Wednesday, November 18, 2009

Team Cardella Over The Top already

Special election: Over the top rhetoric already

The Coralville Courier is really a must-read with your morning cup of coffee. Actually, tea (as in bag) might be more appropriate. It's a great insight into the mindset of local conservatives as the special election effort moves from petition stage into Lori Cardella campaign stage.

One of the first hot-buttons in the campaign is the petitioner's reliance on student signatures: "Cardella said about half of her signatures came from UI students."

I'm uneasy with criticizing that tactic--like I keep saying, I more than anyone argued in favor of students in the just-finished city election. The petitioners made a good effort and get a Hee-Haw salute:

But it's--let's think of a mild word here... cynical to do so when the rhetoric at the time of the conservation bond recount was, to quote Tom Cardella, "the student body population may override the wishes of long-term rural residents of Johnson County."

And even in attempting to defend the student signatures -- which are legitimate and don't even need defending -- local conservatives' contempt for the students shines through. Deb Thornton writes: "Johnson County Democrats - who by the way, just love all of the student votes, as long as they are voting straight ticket Democrat as they are told!"

There's no way to truly ferret out the student vote; ballots are secret and University enrollment is not on the voter file. But I think even Deb and I can agree that Iowa City precincts 3 and 5 are the most student-dominated precincts.
Straight ticket Democratic voting, 2008
(absentee and election day combined)

Iowa City 3: 19.35%
Iowa City 5: 19.48%
County wide: 19.61%
The students voted straight ticket D a tiny bit lower than average but basically no more or less than any other voters in the county.

But most of Wednesday's sputtering rage of over-the-top rhetoric was directed at Sheriff Lonny Pulkrabek, who wrote in the Tuesday DI:
I will now look forward to the special election so that we can welcome Janelle Rettig to the supervisors a second time and to tell Lori thanks, but no thanks. That $75,000 could have been put to a much better use. It could have been used to pay for the ever-climbing costs of bringing forward a new Justice Center.

Now, I'm not yet convinced on the need for a new building (I could be persuaded, but I want some changes in law and in law enforcement policy in exchange), but Lonny is far more receptive to public opinion and input than his predecessor Bob Carpenter, who went into the 2000 jail bond campaign with the attitude of "I'm the sheriff, I say this is what I need, and how dare you have an opinion."

Lonny started running in 2002, before Carpenter announced his retirement, meaning he was potentially running against his own boss. Hardly the move of a loyal "member of the local Democrat party machine" (though, in fairness, Carpenter was no more a Democrat than the man in the moon) or someone who's afraid of an election.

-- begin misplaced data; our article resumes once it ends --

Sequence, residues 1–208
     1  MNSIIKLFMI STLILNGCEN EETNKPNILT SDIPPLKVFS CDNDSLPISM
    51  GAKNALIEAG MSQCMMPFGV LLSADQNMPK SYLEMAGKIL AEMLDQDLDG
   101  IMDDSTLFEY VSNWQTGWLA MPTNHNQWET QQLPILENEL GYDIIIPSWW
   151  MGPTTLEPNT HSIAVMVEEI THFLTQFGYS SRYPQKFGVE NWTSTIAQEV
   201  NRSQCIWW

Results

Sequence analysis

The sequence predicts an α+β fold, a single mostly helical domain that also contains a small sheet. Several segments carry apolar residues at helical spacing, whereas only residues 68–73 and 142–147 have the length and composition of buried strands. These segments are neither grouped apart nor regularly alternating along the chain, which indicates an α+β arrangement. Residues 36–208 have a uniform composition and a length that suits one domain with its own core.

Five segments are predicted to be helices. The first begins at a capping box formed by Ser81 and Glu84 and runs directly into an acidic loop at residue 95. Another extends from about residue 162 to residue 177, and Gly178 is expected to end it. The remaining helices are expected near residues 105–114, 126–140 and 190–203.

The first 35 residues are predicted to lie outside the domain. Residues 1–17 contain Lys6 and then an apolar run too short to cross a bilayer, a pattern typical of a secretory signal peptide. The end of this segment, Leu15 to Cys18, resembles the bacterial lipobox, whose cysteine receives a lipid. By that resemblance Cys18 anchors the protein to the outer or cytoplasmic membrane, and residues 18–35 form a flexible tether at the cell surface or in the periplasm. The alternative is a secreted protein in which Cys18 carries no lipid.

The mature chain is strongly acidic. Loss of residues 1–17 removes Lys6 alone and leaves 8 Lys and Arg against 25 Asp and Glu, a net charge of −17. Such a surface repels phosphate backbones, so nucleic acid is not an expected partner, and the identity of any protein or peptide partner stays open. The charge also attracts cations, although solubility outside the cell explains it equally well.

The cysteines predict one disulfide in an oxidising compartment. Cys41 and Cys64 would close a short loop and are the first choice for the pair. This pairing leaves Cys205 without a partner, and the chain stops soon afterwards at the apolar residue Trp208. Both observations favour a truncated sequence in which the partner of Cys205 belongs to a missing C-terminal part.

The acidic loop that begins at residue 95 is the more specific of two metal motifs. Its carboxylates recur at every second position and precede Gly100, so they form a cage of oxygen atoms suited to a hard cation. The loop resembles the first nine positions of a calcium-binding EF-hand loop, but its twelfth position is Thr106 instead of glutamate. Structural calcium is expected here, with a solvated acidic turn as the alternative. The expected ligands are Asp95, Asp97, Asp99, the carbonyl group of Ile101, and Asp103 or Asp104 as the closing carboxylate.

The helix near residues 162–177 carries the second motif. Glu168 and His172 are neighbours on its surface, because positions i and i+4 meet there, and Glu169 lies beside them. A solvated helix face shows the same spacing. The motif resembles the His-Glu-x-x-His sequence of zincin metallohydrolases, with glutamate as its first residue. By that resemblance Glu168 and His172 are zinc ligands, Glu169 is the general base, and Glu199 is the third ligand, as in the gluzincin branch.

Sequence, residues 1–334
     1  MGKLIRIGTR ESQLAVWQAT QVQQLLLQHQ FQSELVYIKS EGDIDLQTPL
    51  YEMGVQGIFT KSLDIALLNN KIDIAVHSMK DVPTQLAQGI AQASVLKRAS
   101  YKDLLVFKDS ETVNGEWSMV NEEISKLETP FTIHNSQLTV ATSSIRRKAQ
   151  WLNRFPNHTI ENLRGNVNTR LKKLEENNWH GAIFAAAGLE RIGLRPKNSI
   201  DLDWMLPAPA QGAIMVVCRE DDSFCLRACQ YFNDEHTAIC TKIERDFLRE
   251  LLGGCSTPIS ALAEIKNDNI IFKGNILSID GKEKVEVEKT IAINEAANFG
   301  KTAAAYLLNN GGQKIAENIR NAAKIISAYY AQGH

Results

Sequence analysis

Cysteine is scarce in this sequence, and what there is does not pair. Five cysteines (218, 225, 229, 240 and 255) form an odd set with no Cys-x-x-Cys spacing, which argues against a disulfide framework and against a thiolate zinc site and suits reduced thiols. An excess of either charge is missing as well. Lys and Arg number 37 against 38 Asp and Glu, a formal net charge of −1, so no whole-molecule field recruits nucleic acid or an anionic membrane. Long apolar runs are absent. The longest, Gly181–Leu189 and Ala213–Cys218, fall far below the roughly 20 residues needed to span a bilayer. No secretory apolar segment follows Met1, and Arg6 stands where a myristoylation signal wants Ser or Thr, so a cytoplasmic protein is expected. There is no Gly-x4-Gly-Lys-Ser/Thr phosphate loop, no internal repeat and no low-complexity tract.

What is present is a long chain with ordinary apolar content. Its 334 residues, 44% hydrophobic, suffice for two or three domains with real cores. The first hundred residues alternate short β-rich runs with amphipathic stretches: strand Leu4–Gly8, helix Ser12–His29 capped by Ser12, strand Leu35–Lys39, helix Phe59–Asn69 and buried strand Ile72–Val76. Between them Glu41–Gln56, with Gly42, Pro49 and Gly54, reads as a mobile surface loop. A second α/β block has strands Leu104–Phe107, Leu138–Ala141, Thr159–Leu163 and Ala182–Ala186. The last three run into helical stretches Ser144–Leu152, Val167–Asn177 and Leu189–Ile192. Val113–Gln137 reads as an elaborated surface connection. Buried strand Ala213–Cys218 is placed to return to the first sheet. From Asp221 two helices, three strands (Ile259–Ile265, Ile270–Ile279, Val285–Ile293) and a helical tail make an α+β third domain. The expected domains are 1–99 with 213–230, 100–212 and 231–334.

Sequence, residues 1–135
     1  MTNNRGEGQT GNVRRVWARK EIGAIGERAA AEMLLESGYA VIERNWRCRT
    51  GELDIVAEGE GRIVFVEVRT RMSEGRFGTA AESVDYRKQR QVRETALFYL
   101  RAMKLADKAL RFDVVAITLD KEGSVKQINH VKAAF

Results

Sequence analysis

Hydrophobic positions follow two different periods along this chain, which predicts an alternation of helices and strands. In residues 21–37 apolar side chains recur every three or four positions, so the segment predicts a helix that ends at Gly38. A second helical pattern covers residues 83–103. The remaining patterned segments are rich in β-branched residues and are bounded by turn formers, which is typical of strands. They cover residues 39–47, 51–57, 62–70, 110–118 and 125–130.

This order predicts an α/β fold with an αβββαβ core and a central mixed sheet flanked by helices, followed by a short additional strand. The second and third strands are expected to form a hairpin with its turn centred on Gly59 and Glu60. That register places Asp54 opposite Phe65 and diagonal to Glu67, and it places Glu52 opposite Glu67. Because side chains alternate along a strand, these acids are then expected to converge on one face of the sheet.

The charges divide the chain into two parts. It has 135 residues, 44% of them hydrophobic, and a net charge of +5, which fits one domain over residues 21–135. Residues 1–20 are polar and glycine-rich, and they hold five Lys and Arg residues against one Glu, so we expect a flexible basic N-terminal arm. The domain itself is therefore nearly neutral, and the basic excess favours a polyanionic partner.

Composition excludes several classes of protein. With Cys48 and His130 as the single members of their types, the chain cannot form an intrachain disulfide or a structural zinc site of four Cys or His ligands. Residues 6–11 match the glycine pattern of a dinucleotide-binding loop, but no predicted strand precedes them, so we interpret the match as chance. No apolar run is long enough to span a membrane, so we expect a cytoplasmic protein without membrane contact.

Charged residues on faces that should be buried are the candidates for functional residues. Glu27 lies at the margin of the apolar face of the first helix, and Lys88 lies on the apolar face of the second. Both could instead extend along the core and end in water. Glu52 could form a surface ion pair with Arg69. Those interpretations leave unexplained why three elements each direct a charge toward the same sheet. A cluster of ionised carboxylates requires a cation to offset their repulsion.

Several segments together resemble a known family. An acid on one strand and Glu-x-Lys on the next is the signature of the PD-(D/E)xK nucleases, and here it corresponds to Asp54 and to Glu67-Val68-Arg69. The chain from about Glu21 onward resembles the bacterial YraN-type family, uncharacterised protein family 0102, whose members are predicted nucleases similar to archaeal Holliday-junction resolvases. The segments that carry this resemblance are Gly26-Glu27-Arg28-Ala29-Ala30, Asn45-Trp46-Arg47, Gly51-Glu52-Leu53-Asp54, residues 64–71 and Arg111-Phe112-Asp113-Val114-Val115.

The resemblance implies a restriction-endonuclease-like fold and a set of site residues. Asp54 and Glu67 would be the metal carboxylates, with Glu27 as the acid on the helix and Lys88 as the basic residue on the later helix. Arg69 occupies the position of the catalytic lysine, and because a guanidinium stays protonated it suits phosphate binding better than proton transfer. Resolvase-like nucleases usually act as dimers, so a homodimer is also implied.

Yet the headline blares, in the inimitable teabagger style, "Pulkrabek questions Constitutional right to vote." If anyone has questioned people's right to vote, it's Thornton, who led a GOP effort in 2004 that challenged 2000 Johnson County absentee ballots. Most were, you guessed it, students, but others had "flaws" such as living in a Systems Unlimited house or having bad handwriting--an effort that drove one woman with a degenerative disability to tears of rage.

Back to Lonny, an anonymous writer ("from fear of reprisal from my own Sheriff") complains, "You are a sheriff now, sir, supposedly, a non-partisan position."

Uhhh... actually, sheriff is a partisan position. We even had a Republican sheriff here as late as 1988. I seem to remember Lonny beating a Republican who said some rather unfortunate things about his horse.

The rhetoric of Anonymous isn't quite to that level, but "supporter of one party rule, sort of like a dictator" doesn't 1) sound like the Lonny Pulkrabek I know or 2) raise the level of discourse. But it does fit the Tea Party line: Iowa City as Little Chicago. Ostensibly about corruption, but it bashes students, Chicago People If You Know What I Mean, and "President" Barrack Hussein Osama all at once.

The "machine" rhetoric is amusing to this little cog, as it presents the Johnson County Democrats as some sort of efficient monolith, awaiting marching orders. Obviously, these folks have never been to any of our meetings. The Republicans should know about our primary fights, though; enough of them regularly participate as "Democrats for a day" using, as is their right, our rather loose laws on party registration.

This may be as good a point as any to make it clear that Janelle Rettig is not necessarily the Democratic candidate in the Jan. 19 election, though she has announced her intent to seek the nomination at the special convention. (And I've announced my intent to support her at that convention--more info on that as details are announced.)

Back to Anonymous, he/she/it writes: "How about some justice and protection for the south side! It is a war zone down there," apparently unaware that Broadway and Lakeside are city, not county, jurisdictions. (Aside: if the city was less concerned with harassing 18 19 and 20 year old adults downtown, they could devote more resources to public safety in other parts of town.) Just throw enough irrelevant stuff at the wall to see what sticks.

(Anonymous also keeps posting comments on some of my blog's four year old posts, usually about Viagra. I suspect this may be unrelated.)

One thing Anonymous does get right: "How many of the Johnson County Supervisors are Republican? That’s right, NONE!" True, because none have been elected to the job in 50 years. And if the low tone of rhetoric keeps up, Janelle Rettig should extend the Democratic winning streak.

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